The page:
After following the Van Cliburn International Piano Competition for the last 20 years, filmmaker Peter Rosen felt he had the intuition and experience not only to document the competition for the fourth time in his career, but to make a film he could release theatrically for the very first time.
Held every four years and considered the most prestigious piano competition in the world, the Cliburn is the center of Rosen’s documentary “A Surprise in Texas.” The film follows a group of young pianists who competed in the 14th annual competition held in Ft. Worth, Texas in 2009.
Introduced to the Cliburn in 1989 when he was asked to film the 8th Annual competition for PBS, Rosen won an Emmy for the documentary, which featured Russian-American pianist Alexei Sultanov winning the competition. Rosen would return to Ft. Worth to shoot the 9th Annual competition in 1993 and 11th Annual competition in 2001 before returning last year for his 20-year anniversary.
During our interview, Rosen, who has filmed a number of musicians during his career such as Leonard Bernstein, Yo-Yo Ma, and Olga Kern, talked about returning to the Cliburn for the fourth time, how technology helped change the way he made this film different from the others, and what it was like when he heard Nobuyuki Tsujii, a 20-year-old blind pianist from Tokyo, Japan, play for the first time.
With so many different types of music competitions in the world, what drew you to the Cliburn?
Yes, there are a lot of competitions. Some of these pianists go across the globe and go to a different competition almost every week. But there have been two major competitions over the last two decades: the Cliburn and the [International] Tchaikovsky in Moscow. The Tchaikovsky has had a lot of problems over the years. They found out some of the jury was corrupt. If you follow the news in Ft. Worth, you know the former head of the Cliburn has left the organization to try to revive the Tchaikovsky competition. Given the fact that the Cliburn remained the only major piano competition in the world, it was the obvious subject for a film. The Cliburn is always the award pianists aspire to win.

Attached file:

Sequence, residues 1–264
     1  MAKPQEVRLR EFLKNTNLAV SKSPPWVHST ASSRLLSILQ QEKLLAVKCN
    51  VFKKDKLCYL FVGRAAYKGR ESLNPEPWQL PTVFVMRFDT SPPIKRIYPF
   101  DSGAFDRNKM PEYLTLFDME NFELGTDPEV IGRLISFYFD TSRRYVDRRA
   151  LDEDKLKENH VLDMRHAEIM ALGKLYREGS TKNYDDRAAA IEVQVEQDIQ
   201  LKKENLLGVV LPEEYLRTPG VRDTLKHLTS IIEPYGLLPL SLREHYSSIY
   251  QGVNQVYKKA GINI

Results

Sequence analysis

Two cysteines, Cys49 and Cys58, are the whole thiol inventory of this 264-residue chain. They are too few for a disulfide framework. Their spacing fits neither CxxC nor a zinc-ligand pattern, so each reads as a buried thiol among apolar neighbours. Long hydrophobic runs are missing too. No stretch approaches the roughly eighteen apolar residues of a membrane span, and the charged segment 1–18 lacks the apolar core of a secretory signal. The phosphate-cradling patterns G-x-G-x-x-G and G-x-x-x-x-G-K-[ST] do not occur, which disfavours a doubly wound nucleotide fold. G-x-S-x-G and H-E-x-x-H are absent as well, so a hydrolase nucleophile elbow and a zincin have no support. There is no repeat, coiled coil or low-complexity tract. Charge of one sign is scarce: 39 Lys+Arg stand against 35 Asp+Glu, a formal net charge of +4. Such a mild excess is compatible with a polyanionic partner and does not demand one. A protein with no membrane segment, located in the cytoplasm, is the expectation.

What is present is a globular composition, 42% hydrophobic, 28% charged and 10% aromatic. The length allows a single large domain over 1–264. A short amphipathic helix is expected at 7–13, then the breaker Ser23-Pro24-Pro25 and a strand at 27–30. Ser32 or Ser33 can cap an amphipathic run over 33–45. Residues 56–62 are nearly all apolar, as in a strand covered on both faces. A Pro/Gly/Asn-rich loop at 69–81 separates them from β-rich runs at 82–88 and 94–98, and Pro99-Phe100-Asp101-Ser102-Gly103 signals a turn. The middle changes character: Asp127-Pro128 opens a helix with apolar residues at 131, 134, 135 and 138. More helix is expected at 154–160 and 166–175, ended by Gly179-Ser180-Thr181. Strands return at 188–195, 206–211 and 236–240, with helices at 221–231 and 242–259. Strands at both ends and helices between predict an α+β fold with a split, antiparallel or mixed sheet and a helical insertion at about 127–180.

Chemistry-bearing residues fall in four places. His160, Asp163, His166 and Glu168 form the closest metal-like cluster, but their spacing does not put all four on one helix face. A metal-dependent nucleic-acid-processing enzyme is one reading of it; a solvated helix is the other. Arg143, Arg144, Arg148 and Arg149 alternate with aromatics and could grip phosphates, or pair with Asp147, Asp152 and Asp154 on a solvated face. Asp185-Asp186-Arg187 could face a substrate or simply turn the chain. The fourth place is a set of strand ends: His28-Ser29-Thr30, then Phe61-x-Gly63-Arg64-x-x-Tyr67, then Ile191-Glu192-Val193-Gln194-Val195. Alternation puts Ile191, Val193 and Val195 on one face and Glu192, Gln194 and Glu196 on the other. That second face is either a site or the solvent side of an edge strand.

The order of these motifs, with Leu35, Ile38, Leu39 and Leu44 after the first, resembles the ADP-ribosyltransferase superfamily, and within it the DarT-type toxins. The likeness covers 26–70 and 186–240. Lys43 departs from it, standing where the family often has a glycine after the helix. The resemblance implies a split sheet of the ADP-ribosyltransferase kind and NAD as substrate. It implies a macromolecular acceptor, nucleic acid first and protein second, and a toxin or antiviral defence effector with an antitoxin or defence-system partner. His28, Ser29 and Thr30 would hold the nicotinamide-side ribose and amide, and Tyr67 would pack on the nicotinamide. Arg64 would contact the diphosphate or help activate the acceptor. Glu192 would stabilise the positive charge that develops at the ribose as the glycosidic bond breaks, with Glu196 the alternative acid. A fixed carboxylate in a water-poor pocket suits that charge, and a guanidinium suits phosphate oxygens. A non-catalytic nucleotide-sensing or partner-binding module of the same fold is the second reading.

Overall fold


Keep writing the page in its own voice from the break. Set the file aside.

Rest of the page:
You shot the 8th, 9th, 11th and now 14th Annual Cliburns. Why didn’t you come back to shoot them all since you know the competition so well?
I’m not sure it would have been the healthiest thing in my career to keep doing every single Cliburn competition. Once you do one of them you have a challenge to figure out how to do another one four years later and tell a completely different story. You don’t want to repeat yourself. I’m sure they wanted to experiment with different filmmakers as well to get a different approach in there.
How did you hope to make this one different then?
One thing is that the technology has changed. We now have very small high-definition cameras. You can do almost anything you want with them. You used to have to have a crew with large cameras, a sound man, lighting people, a grip, a gaffer. It would become very cumbersome and time consuming. These kids would sometimes be intimidated with all these people around. Now the technology is so good, we can have one-man crews. I shot all of Nobuyuki’s scenes myself with a very small handheld digital camera. That opens up a lot of possibilities that you couldn’t engage in before. After [the pianists] get used to you, they don’t even know the camera is there.
How many cameras did you have during the performance scenes on stage? It seemed like you were filming the pianists from every angle possible.
We had six cameras in the music hall. One of those was called an Iconix. That’s a little camera about the size of a tube of lipstick. You can mount that in the piano or wherever you want. We mounted it on the very last key of the piano. We got some great close-up shots with that camera.